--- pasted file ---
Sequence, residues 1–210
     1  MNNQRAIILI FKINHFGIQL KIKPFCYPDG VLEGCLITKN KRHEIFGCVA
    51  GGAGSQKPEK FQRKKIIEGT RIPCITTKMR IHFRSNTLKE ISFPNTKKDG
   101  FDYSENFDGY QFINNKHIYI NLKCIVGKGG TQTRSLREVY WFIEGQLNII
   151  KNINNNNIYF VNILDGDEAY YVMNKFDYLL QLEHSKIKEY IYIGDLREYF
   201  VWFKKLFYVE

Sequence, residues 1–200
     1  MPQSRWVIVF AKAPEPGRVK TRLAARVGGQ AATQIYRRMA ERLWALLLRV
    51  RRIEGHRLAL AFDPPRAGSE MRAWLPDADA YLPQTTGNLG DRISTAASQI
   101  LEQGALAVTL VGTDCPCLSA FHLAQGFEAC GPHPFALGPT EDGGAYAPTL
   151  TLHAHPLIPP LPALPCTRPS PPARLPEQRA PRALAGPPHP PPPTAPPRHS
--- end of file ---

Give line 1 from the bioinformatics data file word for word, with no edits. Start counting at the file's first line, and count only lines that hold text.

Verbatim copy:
Sequence, residues 1–210